## ABSTRACT

Microbes are present in high abundances in the environment and in human-associated microbiomes, often exceeding 1 million per ml. Viruses of microbes are present in even higher abundances and are important in shaping microbial populations, communities, and ecosystems. Given the relative specificity of viral infection, it is essential to identify the functional linkages between viruses and their microbial hosts, particularly given dynamic changes in virus and host abundances. Multiple approaches have been proposed to infer infection networks from time series of *in situ* communities, among which correlation-based approaches have emerged as the *de facto* standard. In this work, we evaluate the accuracy of correlation-based inference methods using an *in silico* approach. In doing so, we compare predicted networks to actual networks to assess the self-consistency of correlation-based inference. At odds with assumptions underlying its widespread use, we find that correlation is a poor predictor of interactions in the context of viral infection and lysis of microbial hosts. The failure to predict interactions holds for methods that leverage product-moment, time-lagged, and relative-abundance-based correlations. In closing, we discuss alternative inference methods, particularly model-based methods, as a means to infer interactions in complex microbial communities with viruses.

**IMPORTANCE** Inferring interactions from population time series is an active and ongoing area of research. It is relevant across many biological systems—particularly in virus-microbe communities, but also in gene regulatory networks, neural networks, and ecological communities broadly. Correlation-based inference—using correlations to predict interactions—is widespread. However, it is well-known that “correlation does not imply causation.” Despite this, many studies apply correlation-based inference methods to experimental time series without first assessing the potential scope for accurate inference. Here, we find that several correlation-based inference methods fail to recover interactions within *in silico* virus-microbe communities, raising questions on their relevance when applied *in situ*.

## INTRODUCTION

Viruses of microbes are ubiquitous and highly diverse in marine, soil, and human-associated environments. Viruses interact with their microbial hosts in many ways. For example, they can transfer genes between microbial hosts (1, 2), alter host physiology and metabolism (3, 4), and redirect the flow of organic matter in food webs through cell lysis (5, 6). Viruses are important parts of microbial communities, and characterizing the interactions between viruses and their microbial hosts is critical for understanding microbial community structure and ecosystem function (5, 7–9).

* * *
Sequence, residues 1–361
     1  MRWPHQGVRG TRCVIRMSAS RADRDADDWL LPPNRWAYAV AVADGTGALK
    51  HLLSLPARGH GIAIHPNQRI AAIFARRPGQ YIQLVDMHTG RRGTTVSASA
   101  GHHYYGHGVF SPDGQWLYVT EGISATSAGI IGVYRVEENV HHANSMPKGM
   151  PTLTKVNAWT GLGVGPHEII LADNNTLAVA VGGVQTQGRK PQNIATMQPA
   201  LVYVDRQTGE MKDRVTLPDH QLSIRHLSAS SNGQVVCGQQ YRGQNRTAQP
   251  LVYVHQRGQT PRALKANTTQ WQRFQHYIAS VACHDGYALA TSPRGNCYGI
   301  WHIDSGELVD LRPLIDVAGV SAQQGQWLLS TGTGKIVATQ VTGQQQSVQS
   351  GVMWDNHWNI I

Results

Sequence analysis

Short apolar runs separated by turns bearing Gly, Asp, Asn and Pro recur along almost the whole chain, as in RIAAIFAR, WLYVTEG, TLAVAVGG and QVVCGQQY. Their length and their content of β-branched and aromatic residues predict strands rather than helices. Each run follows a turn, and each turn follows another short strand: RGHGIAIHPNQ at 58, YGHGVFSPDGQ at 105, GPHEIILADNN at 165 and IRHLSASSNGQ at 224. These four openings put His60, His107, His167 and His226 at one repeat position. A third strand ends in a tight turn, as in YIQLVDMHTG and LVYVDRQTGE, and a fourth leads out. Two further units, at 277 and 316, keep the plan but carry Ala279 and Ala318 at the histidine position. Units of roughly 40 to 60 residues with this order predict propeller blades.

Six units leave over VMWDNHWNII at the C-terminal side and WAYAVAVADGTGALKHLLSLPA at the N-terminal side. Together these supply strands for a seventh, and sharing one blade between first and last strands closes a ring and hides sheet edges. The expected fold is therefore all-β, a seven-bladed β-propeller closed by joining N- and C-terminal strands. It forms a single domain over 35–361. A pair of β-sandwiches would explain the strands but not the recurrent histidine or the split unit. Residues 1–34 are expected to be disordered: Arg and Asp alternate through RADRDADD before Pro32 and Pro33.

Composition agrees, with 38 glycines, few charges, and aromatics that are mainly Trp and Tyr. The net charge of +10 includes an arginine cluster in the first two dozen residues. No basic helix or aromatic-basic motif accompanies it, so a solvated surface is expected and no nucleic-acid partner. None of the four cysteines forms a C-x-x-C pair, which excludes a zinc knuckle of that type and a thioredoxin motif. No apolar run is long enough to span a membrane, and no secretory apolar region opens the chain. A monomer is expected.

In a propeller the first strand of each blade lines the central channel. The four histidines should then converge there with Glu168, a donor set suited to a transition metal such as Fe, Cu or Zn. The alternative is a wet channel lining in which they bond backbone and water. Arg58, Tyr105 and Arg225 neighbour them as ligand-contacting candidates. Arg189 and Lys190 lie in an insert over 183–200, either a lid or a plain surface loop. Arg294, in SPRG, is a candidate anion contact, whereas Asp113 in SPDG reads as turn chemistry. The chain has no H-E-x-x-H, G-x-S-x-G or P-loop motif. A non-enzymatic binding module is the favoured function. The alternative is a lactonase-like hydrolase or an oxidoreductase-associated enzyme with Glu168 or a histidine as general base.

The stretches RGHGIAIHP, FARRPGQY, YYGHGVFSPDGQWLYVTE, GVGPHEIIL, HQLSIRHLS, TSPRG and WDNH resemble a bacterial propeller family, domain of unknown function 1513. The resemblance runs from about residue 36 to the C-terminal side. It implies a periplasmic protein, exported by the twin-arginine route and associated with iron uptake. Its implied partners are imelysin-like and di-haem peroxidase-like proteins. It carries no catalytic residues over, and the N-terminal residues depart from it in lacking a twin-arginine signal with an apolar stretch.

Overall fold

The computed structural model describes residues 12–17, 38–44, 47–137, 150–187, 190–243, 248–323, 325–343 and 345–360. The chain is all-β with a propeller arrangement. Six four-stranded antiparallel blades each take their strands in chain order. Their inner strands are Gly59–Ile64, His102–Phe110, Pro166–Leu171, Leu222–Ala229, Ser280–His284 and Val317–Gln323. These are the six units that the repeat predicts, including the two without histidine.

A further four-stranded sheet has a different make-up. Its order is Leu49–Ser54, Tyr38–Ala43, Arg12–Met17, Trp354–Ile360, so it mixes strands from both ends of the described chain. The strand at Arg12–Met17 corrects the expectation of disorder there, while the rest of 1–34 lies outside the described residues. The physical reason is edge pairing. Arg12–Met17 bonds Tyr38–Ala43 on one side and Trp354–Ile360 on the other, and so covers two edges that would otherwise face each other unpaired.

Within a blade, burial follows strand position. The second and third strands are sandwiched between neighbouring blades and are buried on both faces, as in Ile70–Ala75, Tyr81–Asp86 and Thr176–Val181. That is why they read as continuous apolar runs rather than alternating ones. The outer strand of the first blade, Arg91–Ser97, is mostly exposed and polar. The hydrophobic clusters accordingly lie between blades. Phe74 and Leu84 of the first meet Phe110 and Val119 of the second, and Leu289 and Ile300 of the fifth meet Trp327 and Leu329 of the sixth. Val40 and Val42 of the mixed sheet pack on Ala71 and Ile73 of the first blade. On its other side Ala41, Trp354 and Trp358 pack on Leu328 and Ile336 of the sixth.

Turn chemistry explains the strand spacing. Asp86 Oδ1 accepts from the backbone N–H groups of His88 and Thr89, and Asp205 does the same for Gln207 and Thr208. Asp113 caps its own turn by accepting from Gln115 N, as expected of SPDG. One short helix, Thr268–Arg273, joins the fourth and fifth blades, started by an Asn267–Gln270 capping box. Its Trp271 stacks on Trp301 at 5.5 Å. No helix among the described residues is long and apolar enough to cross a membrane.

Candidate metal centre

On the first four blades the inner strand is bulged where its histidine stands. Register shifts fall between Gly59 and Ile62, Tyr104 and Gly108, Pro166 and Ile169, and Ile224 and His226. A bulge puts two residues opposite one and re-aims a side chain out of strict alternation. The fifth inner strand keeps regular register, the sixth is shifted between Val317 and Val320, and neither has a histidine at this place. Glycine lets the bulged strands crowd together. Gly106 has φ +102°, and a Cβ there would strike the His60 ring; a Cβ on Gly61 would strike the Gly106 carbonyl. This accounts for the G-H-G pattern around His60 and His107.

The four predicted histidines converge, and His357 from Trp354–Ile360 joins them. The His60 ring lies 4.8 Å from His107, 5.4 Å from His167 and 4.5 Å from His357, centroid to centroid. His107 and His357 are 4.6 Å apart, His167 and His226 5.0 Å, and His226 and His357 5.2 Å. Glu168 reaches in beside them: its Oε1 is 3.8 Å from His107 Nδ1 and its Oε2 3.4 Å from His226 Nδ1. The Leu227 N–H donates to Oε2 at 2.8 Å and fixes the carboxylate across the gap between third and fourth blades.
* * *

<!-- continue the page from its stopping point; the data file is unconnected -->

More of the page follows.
A key step in characterizing virus-microbe interactions is determining which viruses can infect which microbes. Viruses are known to be relatively specific but not exclusive in their microbial host range. Individual viruses may infect multiple strains of an isolated microbe, or they may infect across genera as part of complex virus-microbe interaction networks (10, 11). For example, cyanophage can infect both *Prochlorococcus* and *Synechococcus*, which are two distinct genera of marine cyanobacteria (12). However, knowledge of viral host range remains limited, because existing experimental methods for directly testing for viral infection are generally not applicable to an entire *in situ* community. Culture-based methods such as plaque assays are useful for checking for viral infection at the strain level and permit high confidence in their results, but they are not broadly applicable, as many viruses and microbes are difficult or currently impossible to isolate and culture (1). Partially culture-independent methods, such as viral tagging (13, 14) and digital PCR (15), overcome some of these hurdles but only for particular targetable viruses and microbes. Similarly, single-cell genome analysis is able to link individual viruses to microbial hosts (16–18) but for a relatively small number of cells.

Viral metagenomics offers an alternate route for probing virus-microbe interactions for entire *in situ* communities, bypassing culturing altogether (19–21). The viral sequences obtained from metagenomes can be analyzed directly using bioinformatics-based methods to predict microbial hosts (22, 23), although such methods may be appropriate only for a subset of viruses (phages and archaeal viruses but not eukaryotic viruses) and putative hosts (prokaryotes but not eukaryotes). Alternatively, metagenomic sampling of a community over time can provide estimates of the changing abundances of viral and microbial populations at high resolution in time and across taxonomic groups. Once these high-resolution time series are obtained, they can be used to predict virus-microbe interactions using a variety of statistical and mathematical inference methods (for reviews, see references 24 to 28).

Correlation and correlation-based methods are among the most widely used network inference methods for microbial communities (25). For example, extended local similarity analysis (eLSA) is a correlation-based method that allows for both local and time-lagged correlations (29–31), and it has been used to infer interaction networks in communities of marine bacteria (32, 33), bacteria and phytoplankton (34, 35), bacteria and viruses (36), and bacteria, viruses, and protists (37, 38). In addition, several correlation-based methods have been developed to address challenges associated with the compositional nature of “-omics” data sets (25, 39), including sparse correlations for compositional data (SparCC) (40).